Until now, poor farmers are still being treated as milking cows. Flores said peasants are still being made to pay irrigation service fees, for example. And the P85-billion ($1.684m) coco levy funds are still undistributed to farmers.
It is a big question if land reform will indeed be implemented, Flores said. Until now, there is no new land reform law. They said it would have resolved not just the poverty in the countryside but one of the roots of armed revolution. He called on Duterte to make good on his promises regarding land reform and change, saying this is the solution to rebellion and not martial law. The peasant leader also urged Duterte to not fall prey to peace spoilers in the military – and push through with the peace talks.
The peace negotiations between the GRP and the CPP-NDF have resulted in agreements for free land distribution. Peasants and many sectors of the country welcomed the signed statements about it. But the fifth round of talks was derailed by fighting in Marawi City and the US troops’ involvement in it.
Independent foreign policy?
Teddy Casiño, former Bayan Muna Rep. and spokesperson of Power Alliance, recalled how they had high hopes that the people’s demands for independent foreign policy and the revocation of unequal treaties would perhaps be met under Duterte.
“He’s the only president who courageously spoke of resisting imperialism. And he did it despite the US–armed and trained Armed Forces of the Philippines and the influences of big business,” Casiño said. He noted, too, Duterte’s efforts to be friendly with other superpowers such as China and Russia, known rivals of the US. But Casiño reported that it is worrying if Duterte ended up with US “replacements” rather than the kind of independence wished for by the people.
At any rate, the Marawi war, said Casiño, has shown Philippine dependence on US military. It showed, he said, how the Defense department is being used to make Duterte toe the (US) line.
In the end, Casiño said the people will still call for an independent foreign policy, and it will be a big challenge to Duterte to stand up to his earlier pronouncements for independence and sovereignty.
Ending corruption, changing governance?
A year into his term, the obvious change in Duterte’s administration is the presence of some progressives in the Cabinet. But as ACT Teacher’s Rep. Antonio Tinio noted in his report at the People’s Summit, it is instructive to note that the likes of former Environment Sec. Gina Lopez, who tried to check the plunder of the country’s mineral wealth, did not last long in the Department of Environment and Natural Resources.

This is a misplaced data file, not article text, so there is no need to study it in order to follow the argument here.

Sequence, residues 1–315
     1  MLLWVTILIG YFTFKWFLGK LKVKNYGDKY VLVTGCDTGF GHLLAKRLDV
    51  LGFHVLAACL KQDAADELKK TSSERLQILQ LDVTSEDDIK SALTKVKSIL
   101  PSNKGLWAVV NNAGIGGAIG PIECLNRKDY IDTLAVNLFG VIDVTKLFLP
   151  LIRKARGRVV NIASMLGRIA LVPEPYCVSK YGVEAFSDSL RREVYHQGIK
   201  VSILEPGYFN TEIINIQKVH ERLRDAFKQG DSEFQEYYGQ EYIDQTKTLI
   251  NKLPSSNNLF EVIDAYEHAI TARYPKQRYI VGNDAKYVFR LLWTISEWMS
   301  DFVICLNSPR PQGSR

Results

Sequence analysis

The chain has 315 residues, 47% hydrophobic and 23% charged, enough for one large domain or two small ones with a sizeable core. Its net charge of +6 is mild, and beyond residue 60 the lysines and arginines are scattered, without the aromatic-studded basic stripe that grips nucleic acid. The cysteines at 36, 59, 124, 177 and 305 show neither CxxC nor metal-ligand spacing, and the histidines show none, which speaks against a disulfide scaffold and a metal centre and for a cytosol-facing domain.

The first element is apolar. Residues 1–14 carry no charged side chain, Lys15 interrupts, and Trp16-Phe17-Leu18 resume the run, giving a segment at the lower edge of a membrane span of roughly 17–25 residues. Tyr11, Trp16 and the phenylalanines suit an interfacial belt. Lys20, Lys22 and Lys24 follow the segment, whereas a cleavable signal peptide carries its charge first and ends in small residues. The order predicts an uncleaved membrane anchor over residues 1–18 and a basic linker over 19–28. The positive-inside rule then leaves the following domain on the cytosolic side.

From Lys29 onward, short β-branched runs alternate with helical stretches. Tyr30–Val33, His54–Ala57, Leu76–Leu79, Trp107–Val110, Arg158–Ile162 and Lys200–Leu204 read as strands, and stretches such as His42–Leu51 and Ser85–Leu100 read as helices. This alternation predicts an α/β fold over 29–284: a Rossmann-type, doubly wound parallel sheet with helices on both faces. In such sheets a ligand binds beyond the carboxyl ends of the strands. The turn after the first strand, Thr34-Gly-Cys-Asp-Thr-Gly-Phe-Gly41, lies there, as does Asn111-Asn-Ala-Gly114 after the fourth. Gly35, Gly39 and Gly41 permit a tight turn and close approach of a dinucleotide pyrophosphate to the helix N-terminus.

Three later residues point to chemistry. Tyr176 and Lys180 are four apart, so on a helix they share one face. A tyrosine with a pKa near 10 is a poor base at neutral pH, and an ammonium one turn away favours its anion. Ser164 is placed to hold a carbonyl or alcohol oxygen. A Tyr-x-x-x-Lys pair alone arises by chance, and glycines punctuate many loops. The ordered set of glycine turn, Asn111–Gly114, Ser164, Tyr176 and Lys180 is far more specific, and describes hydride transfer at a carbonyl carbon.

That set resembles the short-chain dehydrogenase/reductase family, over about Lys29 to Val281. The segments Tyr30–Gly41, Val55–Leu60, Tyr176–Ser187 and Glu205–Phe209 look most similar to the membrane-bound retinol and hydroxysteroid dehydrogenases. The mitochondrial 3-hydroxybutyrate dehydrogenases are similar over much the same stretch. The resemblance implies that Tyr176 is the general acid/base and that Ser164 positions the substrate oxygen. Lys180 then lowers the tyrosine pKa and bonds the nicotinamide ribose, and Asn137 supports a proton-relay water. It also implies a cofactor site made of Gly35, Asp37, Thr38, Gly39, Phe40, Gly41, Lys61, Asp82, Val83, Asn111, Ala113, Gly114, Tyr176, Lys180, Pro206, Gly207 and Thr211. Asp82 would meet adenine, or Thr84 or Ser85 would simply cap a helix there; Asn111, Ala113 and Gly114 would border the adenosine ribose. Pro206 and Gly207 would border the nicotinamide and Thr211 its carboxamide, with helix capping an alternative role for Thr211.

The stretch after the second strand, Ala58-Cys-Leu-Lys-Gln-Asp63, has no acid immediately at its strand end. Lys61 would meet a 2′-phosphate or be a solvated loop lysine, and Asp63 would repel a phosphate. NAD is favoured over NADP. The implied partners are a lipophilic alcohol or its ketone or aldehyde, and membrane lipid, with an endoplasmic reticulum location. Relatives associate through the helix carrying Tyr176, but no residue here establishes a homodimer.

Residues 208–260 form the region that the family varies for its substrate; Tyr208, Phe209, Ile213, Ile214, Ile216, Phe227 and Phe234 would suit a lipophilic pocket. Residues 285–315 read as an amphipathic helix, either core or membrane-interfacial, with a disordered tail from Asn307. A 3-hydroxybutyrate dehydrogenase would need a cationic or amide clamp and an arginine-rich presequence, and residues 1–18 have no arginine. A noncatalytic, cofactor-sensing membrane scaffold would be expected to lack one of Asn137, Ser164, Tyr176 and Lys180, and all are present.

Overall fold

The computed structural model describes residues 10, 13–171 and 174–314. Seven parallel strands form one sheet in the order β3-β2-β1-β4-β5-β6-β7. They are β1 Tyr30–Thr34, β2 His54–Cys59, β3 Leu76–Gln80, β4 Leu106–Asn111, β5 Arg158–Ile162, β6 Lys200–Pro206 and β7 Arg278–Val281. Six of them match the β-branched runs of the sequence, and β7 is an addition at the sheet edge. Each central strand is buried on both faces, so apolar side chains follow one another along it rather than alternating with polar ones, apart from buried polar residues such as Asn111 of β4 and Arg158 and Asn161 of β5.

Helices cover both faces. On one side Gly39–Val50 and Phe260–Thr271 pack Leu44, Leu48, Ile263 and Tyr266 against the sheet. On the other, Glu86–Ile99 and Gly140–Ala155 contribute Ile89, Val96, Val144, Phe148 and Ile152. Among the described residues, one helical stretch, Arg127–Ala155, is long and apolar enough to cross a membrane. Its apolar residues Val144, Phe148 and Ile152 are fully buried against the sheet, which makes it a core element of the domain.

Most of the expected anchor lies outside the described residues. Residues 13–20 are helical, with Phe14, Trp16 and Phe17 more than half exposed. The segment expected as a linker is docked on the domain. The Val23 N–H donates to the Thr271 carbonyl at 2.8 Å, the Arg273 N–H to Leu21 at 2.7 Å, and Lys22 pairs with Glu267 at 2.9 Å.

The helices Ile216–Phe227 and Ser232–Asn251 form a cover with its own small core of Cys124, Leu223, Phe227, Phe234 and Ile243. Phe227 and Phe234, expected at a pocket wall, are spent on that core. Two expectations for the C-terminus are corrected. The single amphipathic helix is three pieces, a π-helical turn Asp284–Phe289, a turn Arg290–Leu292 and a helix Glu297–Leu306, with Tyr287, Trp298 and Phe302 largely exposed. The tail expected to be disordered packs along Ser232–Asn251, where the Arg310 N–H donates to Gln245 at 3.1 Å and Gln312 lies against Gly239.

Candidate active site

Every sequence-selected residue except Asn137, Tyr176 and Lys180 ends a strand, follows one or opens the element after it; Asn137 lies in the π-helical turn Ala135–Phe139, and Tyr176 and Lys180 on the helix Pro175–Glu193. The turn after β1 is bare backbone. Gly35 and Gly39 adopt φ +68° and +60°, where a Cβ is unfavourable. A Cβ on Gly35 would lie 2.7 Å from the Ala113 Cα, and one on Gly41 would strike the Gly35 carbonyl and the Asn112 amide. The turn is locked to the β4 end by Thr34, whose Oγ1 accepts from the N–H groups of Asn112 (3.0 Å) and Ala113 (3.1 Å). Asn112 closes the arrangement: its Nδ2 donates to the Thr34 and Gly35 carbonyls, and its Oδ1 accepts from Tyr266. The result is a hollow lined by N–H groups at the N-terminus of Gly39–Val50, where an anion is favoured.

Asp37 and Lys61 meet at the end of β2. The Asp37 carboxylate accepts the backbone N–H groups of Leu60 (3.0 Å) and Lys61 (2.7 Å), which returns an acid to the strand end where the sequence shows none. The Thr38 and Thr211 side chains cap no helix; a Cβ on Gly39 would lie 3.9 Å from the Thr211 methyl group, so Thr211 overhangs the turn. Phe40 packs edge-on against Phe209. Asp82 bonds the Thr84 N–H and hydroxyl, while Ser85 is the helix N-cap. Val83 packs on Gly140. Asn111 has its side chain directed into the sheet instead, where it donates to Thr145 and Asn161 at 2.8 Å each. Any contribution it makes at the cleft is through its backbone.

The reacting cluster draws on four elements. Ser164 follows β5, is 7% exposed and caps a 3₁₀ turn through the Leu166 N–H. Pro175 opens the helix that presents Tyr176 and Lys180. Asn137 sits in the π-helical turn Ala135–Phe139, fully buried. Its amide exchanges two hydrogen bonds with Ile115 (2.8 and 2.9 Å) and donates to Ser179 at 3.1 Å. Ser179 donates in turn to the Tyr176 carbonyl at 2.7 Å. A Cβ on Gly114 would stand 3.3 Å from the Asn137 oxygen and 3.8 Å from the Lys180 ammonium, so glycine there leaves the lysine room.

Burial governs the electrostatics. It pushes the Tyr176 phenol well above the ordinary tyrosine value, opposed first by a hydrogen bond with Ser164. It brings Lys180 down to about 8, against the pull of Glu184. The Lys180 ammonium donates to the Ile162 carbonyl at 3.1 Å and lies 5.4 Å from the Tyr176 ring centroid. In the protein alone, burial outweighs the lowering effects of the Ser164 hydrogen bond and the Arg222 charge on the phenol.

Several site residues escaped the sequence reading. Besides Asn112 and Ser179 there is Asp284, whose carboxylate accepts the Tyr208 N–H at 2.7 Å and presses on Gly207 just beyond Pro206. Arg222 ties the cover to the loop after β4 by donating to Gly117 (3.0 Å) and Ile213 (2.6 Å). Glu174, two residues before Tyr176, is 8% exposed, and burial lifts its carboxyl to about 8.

“The neoliberals swiftly got confirmed while Lopez was rejected and Social Welfare Secretary Judy Taguiwalo and Agrarian Reform Secretary Rafael Mariano were bypassed,” said Tinio.
In fact, the People’s Summit agreed that the country’s economic managers are not intent on bringing change. Tinio said the Duterte economic policies are the same anti-poor PPPs, debt-dependence, contractualization, cheap wages, regressive tax reforms geared to fund the neoliberals’ infrastructure-building.
These economic policies spell the opposite of democratization, said Tinio. What’s worse, he added, it that it is coupled with growing fascism. He pointed to the bloody war on drugs that excluded rehabilitation and due process; the attempt to re-impose death penalty, lower the age of criminality and Marcos’ much-disputed heroes burial. Also, he added, the all-out war against the CPP-NPA-NDF. In the latter, the government forces have reportedly been dropping bombs into communities even without martial law.
As for governance and licking corruption, Tinio said, “Corruption continues in government despite the Freedom of Information in place on government agencies,” Tinio said.
He said the pork barrel system is still here, bigger than before in lump sums and “hidden pork” in the national budget. He warned against the legislation of anti-poor tax reforms where consumption would be taxed more while the taxes of the rich are being cut.
All in all, Duterte’s first year showed some positive signs of change for the people but in the whole, neoliberal policies favoring the rich and corruption continued, Tinio concluded.
The climate of impunity is getting worse, observed Karapatan’s Cristina Palabay. She cited the growing number of former military officials in civilian, influential positions.
Most speakers at the People’s Summit maintained that the positive attributes (for the people) in Duterte’s first year in Malacañang owed much to the people’s movement.
“In the end, it’s the people’s struggle that will be decisive,” Palabay ended.